Comparison of the accuracy of telehealth examination versus clinical examination in the detection of shoulder pathology.
HYPOTHESIS/BACKGROUND: In 2017, the American Orthopaedic Association advocated for the increased use of telehealth as an assessment and treatment platform, and demand has significantly increased during the coronavirus disease 2019 pandemic. Diagnostic effectiveness (also called overall diagnostic accuracy) and reliability of a telehealth clinical examination vs. a traditional shoulder clinical examination (SCE) has not been established. Our objective is to compare the diagnostic effectiveness of a telehealth shoulder examination against an SCE for rotator cuff tear (RCT), using magnetic resonance imaging (MRI) as a reference standard; secondary objectives included assessing agreement between test platforms and validity of individualized tests. We hypothesize that tests provided in a telehealth platform would not have inferior diagnostic effectiveness to an SCE. METHODS: The study is a case-based, case-control design. Two clinicians selected movement, strength, and special tests for the SCE that are associated with the diagnosis of RCT and identified similar tests to replicate for a simulated telehealth-based examination (STE). Consecutive patients with no prior shoulder surgery or advanced imaging underwent both the SCE and STE in the same visit using 2 separate assessors. We randomized the order of the SCE or STE. A blinded reader assessed an MRI, to be used as a reference standard. We calculated diagnostic effectiveness, which provides values from 0% to 100% as well as agreement statistics (Kappa) between tests by an assessment platform, and sensitivity, specificity, and likelihood ratios for individual tests in both SCE and STE. We compared the diagnostic effectiveness (overall) of the SCE and STE with a Mann-Whitney U test. RESULTS: We included 62 consecutive patients with shoulder pain, aged 40 or older; 50 (81%) received an MRI as a reference standard. The diagnostic effectiveness of stand-alone tests was poor regardless of the group, with the exception of a few tests with high specificity. None had greater than 70% accuracy. There was no significant difference between the overall diagnostic effectiveness of the STE and SCE (P = .98). Overall agreement between the STE tests and the SCE tests ranged from poor to moderate (Kappa, 0.07-0.87). CONCLUSION: This study identified initial feasibility and noninferiority of the physician-guided, patient-performed STE when compared with an SCE in the detection of RCTs. Although these results are promising, larger studies are needed for further validation of an STE assessment platform.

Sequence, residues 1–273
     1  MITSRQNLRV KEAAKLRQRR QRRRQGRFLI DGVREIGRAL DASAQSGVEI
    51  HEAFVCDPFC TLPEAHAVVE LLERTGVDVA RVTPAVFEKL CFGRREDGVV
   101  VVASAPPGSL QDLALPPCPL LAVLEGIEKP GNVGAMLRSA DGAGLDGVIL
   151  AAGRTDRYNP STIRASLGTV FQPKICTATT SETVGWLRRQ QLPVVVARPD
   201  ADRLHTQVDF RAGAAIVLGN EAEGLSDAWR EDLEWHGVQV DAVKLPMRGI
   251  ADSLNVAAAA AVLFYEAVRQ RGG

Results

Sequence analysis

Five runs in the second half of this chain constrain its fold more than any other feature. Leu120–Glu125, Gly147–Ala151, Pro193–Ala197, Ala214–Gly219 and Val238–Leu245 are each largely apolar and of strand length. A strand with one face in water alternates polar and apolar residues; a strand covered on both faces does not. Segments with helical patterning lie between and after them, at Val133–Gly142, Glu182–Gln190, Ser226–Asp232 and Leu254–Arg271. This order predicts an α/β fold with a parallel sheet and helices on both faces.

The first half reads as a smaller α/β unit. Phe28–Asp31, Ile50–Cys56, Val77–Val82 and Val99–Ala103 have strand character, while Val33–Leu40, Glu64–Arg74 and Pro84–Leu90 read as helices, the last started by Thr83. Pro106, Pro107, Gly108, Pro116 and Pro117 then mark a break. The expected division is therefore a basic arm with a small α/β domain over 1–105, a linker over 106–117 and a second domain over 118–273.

Bradley, KE; Cook, C; Reinke, EK; Vinson, EN; Mather, RC; Riboh, J; Lassiter, T; Wittstein, JR
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